In Tableau there are two main methods for calculating a year over year change:
- YoY Growth Table Calculation method
- Using standard calculated fields to calculate Year on Year Growth
Year over Year Growth Table Calculation
First to look at the Table Calculation. If wanting to do year on year change on a line chart, Tableau makes it very simple. Use a built-in Quick Table Calculation.
Set up a line chart with time (months is what I’ll be using in this example as it’s the most commonly used and easy to visualise) on the X-axis and a measure, such as sales, on the Y-axis.
Drag the Year into the colour shelf so you have two years on the same graph.
You should have something like this with each line being a year:
Tableau has an in-built set of table calculations, one of those being Year on Year Growth. To get the chart to show the growth instead of the actual numbers is very straightforward.
- Left click on the little arrow on the right of the green pill in the rows shelf.
- Go to Quick Table Calculation
- Click on Year Over Year Growth
This will give you a single line showing the growth for each month. It’s as simple as that, a year on year calculation created in a few short steps.
Show the actual numbers for both years and the YoY growth % on the same chart is where Tableau comes into it’s own.
Note: when not at the end of the year, showing Year on Year change in a line chart can show a line at 0, when actually it is unknown, for example, the date hasn’t happened yet. It is simple to remove the Null values from the line chart using a filter.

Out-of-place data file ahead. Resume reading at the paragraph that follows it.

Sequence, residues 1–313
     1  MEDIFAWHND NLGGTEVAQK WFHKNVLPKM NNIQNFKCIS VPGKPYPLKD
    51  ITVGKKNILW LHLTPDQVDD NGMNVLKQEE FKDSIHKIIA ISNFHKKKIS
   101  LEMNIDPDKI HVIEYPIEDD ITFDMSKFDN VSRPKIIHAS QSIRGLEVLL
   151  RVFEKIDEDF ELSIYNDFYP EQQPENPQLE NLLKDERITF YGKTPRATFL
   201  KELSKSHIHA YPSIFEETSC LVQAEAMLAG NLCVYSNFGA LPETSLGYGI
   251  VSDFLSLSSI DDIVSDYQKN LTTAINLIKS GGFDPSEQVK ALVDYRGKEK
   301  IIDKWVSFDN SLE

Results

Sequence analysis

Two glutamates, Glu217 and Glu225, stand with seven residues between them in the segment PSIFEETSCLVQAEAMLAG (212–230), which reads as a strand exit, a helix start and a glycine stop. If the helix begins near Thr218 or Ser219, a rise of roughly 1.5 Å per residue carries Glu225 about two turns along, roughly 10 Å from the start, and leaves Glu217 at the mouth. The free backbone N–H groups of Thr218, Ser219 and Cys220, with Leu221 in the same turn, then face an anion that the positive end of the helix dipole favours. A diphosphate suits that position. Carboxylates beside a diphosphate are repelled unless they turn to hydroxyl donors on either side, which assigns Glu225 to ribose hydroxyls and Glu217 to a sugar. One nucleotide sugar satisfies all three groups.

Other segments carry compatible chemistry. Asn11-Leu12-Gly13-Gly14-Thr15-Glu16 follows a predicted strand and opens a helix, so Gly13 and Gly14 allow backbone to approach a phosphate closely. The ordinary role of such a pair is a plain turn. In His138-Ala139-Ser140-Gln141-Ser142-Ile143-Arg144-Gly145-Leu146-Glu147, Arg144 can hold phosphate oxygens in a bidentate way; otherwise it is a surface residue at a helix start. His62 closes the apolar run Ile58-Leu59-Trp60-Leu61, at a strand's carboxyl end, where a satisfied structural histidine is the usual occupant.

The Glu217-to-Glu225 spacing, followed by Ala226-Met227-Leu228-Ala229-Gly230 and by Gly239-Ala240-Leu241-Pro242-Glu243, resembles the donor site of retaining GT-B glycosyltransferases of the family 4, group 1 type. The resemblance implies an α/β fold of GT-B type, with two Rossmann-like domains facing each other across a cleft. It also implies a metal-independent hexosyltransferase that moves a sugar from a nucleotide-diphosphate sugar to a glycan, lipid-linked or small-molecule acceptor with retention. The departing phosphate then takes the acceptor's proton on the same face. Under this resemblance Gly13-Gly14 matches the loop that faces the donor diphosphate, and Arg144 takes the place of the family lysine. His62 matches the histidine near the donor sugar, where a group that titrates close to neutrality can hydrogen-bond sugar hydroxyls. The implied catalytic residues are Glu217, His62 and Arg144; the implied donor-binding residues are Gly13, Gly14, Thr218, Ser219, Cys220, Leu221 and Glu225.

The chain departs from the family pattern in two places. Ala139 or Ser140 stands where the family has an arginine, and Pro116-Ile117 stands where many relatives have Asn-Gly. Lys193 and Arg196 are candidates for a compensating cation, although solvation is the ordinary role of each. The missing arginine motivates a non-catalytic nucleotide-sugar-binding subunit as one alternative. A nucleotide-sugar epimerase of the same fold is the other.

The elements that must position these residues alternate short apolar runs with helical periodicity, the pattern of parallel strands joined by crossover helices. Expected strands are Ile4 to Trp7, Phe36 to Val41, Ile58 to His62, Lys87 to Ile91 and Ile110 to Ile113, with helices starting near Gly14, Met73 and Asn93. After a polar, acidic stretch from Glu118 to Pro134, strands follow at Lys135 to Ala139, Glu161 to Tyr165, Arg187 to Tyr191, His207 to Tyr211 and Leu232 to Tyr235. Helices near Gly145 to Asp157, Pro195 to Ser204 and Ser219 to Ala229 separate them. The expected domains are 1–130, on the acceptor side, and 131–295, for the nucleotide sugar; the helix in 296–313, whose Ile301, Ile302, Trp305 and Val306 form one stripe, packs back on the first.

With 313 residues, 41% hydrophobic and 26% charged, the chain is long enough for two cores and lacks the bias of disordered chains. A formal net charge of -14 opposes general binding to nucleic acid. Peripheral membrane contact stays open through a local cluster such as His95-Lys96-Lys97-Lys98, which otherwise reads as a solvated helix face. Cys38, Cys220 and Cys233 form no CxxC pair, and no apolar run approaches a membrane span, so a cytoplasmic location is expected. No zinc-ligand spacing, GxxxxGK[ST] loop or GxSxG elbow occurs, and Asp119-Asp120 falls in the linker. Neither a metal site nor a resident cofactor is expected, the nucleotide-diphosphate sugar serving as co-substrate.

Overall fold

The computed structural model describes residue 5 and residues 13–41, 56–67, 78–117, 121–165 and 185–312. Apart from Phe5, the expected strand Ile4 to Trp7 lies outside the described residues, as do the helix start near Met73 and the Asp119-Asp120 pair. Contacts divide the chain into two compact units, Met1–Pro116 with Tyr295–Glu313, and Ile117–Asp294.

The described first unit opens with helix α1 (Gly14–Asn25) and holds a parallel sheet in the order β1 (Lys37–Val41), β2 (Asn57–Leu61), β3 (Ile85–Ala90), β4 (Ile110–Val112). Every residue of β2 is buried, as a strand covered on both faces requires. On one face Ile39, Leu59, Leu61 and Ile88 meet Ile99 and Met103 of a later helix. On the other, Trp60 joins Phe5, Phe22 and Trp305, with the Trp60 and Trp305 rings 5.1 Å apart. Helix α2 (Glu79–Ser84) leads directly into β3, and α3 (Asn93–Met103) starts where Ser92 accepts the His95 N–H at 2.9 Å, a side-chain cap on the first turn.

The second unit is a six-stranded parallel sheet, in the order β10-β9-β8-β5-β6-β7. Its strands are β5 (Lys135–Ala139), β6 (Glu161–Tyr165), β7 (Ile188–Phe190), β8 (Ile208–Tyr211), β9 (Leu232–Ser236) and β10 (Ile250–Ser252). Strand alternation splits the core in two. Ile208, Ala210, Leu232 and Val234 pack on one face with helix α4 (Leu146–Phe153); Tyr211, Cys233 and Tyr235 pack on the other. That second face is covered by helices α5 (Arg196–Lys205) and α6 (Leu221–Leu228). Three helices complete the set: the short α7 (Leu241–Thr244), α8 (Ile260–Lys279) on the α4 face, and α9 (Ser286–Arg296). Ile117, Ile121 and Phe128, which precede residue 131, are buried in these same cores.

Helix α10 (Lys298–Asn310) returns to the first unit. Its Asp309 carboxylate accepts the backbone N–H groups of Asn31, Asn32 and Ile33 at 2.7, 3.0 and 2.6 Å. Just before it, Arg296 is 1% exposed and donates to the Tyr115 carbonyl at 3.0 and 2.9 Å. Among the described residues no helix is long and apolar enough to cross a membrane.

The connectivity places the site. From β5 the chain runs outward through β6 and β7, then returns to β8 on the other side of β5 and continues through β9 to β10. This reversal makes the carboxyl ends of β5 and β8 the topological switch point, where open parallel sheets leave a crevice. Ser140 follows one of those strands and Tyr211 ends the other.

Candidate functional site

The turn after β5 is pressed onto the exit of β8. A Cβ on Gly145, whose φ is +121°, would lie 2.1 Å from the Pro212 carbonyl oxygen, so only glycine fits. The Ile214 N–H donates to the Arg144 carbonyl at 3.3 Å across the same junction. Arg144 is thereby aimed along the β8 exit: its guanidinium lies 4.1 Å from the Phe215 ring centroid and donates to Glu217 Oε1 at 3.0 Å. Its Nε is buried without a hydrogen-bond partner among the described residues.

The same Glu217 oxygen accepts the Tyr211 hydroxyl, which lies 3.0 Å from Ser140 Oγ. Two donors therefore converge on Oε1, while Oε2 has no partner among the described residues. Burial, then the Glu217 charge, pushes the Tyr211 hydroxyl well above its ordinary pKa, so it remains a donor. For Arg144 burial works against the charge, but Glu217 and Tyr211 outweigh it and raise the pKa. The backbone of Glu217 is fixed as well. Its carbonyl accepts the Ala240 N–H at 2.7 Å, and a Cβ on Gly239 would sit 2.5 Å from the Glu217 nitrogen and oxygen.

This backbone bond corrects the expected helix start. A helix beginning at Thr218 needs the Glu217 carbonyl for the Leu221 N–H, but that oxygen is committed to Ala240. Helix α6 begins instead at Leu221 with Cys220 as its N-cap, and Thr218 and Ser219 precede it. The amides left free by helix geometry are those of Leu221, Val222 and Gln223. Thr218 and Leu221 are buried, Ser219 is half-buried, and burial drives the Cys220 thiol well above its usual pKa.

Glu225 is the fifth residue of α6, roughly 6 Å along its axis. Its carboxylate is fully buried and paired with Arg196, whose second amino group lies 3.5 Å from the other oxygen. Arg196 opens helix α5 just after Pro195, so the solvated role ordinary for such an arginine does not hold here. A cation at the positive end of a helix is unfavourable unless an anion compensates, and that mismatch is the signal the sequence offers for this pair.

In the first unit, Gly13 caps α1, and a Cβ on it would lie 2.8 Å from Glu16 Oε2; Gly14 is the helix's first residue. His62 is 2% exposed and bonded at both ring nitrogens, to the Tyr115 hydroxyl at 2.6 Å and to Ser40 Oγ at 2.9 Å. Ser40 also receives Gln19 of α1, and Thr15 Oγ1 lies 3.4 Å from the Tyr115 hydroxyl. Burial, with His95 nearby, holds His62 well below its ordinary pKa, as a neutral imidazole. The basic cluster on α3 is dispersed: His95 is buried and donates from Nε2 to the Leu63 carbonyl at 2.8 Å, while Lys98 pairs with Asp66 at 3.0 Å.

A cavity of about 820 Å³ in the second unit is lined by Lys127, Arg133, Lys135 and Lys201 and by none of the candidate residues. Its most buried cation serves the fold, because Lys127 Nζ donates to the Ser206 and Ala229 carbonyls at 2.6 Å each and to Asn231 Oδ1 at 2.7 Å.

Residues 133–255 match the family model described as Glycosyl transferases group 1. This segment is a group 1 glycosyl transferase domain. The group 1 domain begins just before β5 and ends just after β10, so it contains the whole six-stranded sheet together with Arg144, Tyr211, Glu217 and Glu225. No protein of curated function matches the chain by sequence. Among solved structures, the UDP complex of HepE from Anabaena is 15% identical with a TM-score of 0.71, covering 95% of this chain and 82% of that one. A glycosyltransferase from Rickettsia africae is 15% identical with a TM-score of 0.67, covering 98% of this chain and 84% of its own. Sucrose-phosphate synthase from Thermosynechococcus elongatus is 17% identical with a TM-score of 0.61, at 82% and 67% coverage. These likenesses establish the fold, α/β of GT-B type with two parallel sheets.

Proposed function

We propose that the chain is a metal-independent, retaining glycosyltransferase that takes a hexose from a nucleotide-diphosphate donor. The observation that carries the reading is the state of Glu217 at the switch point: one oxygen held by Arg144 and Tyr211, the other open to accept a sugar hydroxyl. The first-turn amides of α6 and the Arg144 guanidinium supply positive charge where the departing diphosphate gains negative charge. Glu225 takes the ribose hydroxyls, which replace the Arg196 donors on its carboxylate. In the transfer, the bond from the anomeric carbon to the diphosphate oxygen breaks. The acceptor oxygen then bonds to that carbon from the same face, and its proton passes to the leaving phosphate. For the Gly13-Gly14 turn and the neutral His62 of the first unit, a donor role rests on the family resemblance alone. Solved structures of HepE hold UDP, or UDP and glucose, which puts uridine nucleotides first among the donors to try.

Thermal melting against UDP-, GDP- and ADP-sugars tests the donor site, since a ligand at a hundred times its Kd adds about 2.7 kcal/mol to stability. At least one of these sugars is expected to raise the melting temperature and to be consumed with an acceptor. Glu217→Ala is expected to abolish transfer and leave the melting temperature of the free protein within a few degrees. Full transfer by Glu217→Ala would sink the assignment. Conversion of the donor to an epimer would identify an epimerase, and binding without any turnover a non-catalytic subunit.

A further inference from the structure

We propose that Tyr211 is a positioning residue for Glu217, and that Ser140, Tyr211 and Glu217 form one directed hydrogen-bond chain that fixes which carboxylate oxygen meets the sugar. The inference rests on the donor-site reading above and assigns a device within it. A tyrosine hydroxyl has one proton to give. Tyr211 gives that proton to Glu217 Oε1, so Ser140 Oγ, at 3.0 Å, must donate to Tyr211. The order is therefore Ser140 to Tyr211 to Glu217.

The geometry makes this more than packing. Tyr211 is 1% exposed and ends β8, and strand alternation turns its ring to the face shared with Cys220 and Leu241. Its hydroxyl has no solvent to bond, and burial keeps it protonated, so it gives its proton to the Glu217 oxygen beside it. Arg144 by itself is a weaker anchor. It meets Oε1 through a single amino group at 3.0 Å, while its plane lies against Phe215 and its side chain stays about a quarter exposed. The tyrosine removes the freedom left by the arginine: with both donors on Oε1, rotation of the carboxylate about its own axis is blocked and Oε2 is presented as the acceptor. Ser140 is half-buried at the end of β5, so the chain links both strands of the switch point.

Show the YoY Growth on the labels
As above, create the standard line chart without the YoY change.
Trend both years in the chart, as in the diagram.
Then also place SUM([Sales]) on the label shelf. To do this hold down the ctrl key and drag the green SUM([Sales]) pill from the Rows shelf into the Label shelf on the left of the screen.
Now the SUM([Sales]) is on both Rows and Label.
Now, with the SUM([Sales]) in the Label repeat the Quick Table Calculation to show the Year over Year Growth. Now you will have the actual data trended with the Year over Year Growth rates written at each data point.
Note: See the triangle in the SUM([Sales]) table calculation? That triangle means that pill is a table calculation.
Year over Year with calculated fields
If you prefer just to create a simple This Year / Last Year calculation we can use calculated fields. Staying with SUM([Sales as a measure]), three new calculated fields are needed.
1. Sales this year. A formula such as the following should work:
[Sales this year]: IF YEAR([DateField]) = YEAR(TODAY()) THEN [Sales] END
2. Sales last year:
[Sales last year]: IF YEAR([DateField]) = YEAR(DATEADD('year',-1,TODAY())) THEN [Sales] END
3. Year on Year Change:
[Year on Year Change]: SUM([Sales this year]) / SUM([Sales last year]) - 1
The most appropriate option all depends on the specifics of what you’re trying to do and also the shape of your data.
Simplify the Yearly calculations using boolean
It’s also possible to make intelligent use of the Boolean data type to identify the time periods, such as this year and last year. A full write up of this method is in the article giving an overview of the boolean data type.
These boolean fields offer the flexibility to calculate yearly data over a number of different measures without the need to repetitively write:
IF YEAR([DateField]) = YEAR(DATEADD('year',-1,TODAY())) THEN … END
Instead Sales This Year, as an example, would be: